Internet of things (IoT) devices are everywhere these days and are already embedded in our daily life. Anything from Alexa to Google home, you can pick up accompanying smart devices that you can control from these platform. The cost of all of these can rank up. If you are a DIYer, then you are in luck! You can easy build such smart systems with Raspberry Pi and ESP8266. In this post, we are going to show you how to put together a simple MQTT IoT device with Raspberry Pi and ESP8266.
What is MQTT?
MQTT is a connectivity protocol specially designed for machine-to-machine or Internet of Things. It was designed as an extremely lightweight messaging transport. By being lightweight, it makes it useful for connections with remotely located IoT devices where network bandwidth might be at a premium and/or where a small code footprint is required. Almost all IoT platforms support MQTT protocol and there are several implementations for different IoT boards like Arduino, Raspberry and so on.
IoT devices that send data are called publishers and the ones that receives the data are called subscribers. IoT devices can however be both, subscribers and publishers. Relaying the information from a publisher to a subscriber is the job of the MQTT broker. In simple IT terms, the broker is server. The following image illustrates a basic MQTT system.
Messages are published on topics. There is no need to configure a topic, publishing on it is enough. For more detailed information, please visit the Mosquitto Website.
Using a Raspberry Pi as a MQTT Broker
Raspberry Pis are perfect as brokers due to their reasonable performance, connectivity and price, among others. Mosquitto is a lightweight and open source message broker that implements the MQTT protocol. Mosquitto is also suitable for use on all devices from low power single board computers to full servers.
Install Mosquitto on Raspberry Pi running Raspbian Stretch
First of all, install Raspbian on your SD card and then as usual, boot your Pi and so on.
Once the Pi has booted up, open up a terminal window on the Pi or remotely through SSH.
Enter the following commands:
sudo apt-key add mosquitto-repo.gpg.key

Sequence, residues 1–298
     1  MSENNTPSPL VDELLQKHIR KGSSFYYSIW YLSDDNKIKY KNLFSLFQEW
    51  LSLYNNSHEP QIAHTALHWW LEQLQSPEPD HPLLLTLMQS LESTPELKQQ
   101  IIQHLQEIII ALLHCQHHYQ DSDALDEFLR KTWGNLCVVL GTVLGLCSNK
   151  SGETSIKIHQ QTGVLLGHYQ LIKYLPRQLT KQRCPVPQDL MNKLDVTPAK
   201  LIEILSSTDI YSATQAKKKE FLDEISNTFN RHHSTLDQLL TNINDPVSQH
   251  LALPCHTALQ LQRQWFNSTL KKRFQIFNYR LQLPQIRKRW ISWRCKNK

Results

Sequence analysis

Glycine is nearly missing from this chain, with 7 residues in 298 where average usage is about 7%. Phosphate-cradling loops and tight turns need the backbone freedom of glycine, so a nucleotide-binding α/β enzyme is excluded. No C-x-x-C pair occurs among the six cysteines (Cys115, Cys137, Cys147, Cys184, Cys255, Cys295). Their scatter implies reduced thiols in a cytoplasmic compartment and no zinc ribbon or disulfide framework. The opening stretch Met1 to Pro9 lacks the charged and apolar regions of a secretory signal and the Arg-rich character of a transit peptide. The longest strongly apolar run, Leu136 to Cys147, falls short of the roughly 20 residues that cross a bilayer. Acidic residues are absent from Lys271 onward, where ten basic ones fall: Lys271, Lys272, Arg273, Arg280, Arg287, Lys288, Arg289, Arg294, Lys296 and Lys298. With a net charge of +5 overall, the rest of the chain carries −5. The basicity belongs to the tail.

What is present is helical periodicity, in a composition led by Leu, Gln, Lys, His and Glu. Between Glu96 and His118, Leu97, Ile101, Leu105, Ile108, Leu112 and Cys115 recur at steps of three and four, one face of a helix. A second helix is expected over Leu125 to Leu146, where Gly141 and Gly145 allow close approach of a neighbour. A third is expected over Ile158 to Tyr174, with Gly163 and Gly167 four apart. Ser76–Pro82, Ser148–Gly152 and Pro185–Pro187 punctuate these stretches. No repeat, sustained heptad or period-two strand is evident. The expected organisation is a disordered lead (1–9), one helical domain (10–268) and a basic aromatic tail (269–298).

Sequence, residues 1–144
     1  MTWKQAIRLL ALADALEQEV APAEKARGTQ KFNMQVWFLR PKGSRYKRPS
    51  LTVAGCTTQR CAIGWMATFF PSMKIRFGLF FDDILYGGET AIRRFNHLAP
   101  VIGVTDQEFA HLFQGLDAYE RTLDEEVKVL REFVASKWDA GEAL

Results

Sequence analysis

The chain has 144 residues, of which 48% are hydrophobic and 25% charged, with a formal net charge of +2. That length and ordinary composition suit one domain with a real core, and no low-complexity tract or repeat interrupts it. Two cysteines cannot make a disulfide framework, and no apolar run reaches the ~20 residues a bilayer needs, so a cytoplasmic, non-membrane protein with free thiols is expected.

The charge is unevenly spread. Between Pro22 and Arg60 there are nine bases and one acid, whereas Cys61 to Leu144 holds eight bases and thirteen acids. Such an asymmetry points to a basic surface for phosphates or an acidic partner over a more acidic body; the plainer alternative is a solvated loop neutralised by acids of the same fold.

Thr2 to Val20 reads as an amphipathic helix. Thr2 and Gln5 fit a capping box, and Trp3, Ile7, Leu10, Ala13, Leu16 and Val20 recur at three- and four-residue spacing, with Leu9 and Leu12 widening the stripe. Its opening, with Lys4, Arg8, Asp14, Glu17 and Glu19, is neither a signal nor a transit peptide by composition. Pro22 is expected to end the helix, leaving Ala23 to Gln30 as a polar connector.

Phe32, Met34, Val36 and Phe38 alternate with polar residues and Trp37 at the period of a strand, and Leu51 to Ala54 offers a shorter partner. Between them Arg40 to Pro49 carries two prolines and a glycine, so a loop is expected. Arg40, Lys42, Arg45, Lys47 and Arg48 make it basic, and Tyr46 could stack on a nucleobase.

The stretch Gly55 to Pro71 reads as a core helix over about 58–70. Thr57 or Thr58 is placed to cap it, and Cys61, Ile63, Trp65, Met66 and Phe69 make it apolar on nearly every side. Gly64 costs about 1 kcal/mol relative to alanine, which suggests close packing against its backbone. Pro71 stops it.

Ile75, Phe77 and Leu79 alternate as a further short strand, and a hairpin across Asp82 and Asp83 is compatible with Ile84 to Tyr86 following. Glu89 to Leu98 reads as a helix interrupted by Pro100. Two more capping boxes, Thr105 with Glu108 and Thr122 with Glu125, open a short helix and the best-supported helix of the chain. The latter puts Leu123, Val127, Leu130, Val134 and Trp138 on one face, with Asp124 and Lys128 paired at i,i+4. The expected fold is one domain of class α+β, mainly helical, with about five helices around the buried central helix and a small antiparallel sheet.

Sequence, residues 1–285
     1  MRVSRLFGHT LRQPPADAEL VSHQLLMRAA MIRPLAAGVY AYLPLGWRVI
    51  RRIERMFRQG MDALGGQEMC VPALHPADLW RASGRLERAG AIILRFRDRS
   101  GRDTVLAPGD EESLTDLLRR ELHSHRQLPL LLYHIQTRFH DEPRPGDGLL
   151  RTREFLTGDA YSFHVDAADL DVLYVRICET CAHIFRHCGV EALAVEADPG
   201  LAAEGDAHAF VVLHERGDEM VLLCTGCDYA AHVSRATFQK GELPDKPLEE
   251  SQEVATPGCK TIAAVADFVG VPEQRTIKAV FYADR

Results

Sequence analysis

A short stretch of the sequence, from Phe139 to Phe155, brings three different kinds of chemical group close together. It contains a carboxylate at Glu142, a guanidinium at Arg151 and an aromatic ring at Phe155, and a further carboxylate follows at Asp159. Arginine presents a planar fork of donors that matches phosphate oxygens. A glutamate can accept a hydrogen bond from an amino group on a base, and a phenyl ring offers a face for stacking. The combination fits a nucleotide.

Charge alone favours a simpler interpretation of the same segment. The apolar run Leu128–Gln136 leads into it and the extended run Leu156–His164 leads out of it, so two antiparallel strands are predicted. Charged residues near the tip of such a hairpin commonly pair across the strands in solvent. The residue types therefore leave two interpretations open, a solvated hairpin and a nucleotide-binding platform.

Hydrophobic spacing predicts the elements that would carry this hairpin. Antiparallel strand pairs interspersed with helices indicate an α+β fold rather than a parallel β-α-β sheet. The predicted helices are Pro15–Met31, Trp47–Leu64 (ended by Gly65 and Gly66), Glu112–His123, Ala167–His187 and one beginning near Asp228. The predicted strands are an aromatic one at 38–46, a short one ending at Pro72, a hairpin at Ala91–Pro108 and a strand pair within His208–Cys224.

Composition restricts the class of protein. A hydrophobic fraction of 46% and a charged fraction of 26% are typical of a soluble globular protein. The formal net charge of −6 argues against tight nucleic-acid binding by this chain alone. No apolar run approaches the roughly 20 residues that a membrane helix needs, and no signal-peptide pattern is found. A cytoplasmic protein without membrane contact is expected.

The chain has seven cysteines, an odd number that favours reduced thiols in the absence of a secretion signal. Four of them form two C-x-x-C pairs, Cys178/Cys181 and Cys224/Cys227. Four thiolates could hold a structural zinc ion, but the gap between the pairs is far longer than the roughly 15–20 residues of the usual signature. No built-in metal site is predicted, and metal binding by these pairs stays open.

sudo wget http://repo.mosquitto.org/debian/mosquitto-stretch.list
sudo apt-get update
sudo dpkg -i libssl1.0.0_1.0.1t-1+deb8u7_armhf.deb
sudo dpkg -i libwebsockets3_1.2.2-1_armhf.deb
You can also install subscribing and publishing capabilities on the broker.
sudo apt-get install mosquitto mosquitto-clients
Once installed, start Mosquitto by typing the following in the terminal:
To test the broker, open a second terminal and subscribe to a topic:
mosquitto_sub -v -t "BTS/topic"
On your original terminal:
mosquitto_pub -t "test/topic" -m "Hello World!"
You should see “Hello World!” in the second terminal.
We used a Raspberry Pi 3.
MQTT ESP8266 IoT publisher
Now we have a broker, let’s start sending; or in MQTT language, let’s publish some data!
In this case, we will be using an ESP8266 as the publisher and will send DS18b20 temperature data to the broker.
First of all, download the PubSub Arduino library either from the Github or in the Arduino library manager.
Connect the DS18B20 sensor as shown in our previous post.
And finally, download the .ino Arduino code from our GitHub; edit the SSID, Raspberry Pi Broker address according to yours and then upload it to your ESP8266.
Testing it all
Once the code is uploaded, the ESP8266 will start sending temperature to the broker (Raspberry Pi).
Download a MQTT client from the App Store/Play Store onto your phone.
In the MQTT client on your phone, subscribe to the topic “BTS” with the server address being of your Raspberry Pi. You should start seeing temperature values in Degrees Celsius on your phone every couple of seconds.
To get this to work outside your home network, you will need to have a DNS or fixed external IP and forward that to your Raspberry Pi.
If you have any questions or comments, send us an email at firstname.lastname@example.org